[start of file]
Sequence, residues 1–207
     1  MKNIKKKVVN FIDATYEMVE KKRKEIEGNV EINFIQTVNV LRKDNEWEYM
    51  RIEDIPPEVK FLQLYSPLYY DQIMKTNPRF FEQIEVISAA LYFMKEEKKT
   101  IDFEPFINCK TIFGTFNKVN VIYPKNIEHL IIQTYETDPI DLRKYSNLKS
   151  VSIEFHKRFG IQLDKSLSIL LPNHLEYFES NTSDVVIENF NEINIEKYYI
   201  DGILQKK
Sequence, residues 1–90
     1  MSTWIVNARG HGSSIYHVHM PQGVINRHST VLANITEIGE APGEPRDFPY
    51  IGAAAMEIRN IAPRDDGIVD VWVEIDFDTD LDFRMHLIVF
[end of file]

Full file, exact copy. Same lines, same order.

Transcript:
Sequence, residues 1–207
     1  MKNIKKKVVN FIDATYEMVE KKRKEIEGNV EINFIQTVNV LRKDNEWEYM
    51  RIEDIPPEVK FLQLYSPLYY DQIMKTNPRF FEQIEVISAA LYFMKEEKKT
   101  IDFEPFINCK TIFGTFNKVN VIYPKNIEHL IIQTYETDPI DLRKYSNLKS
   151  VSIEFHKRFG IQLDKSLSIL LPNHLEYFES NTSDVVIENF NEINIEKYYI
   201  DGILQKK
Sequence, residues 1–90
     1  MSTWIVNARG HGSSIYHVHM PQGVINRHST VLANITEIGE APGEPRDFPY
    51  IGAAAMEIRN IAPRDDGIVD VWVEIDFDTD LDFRMHLIVF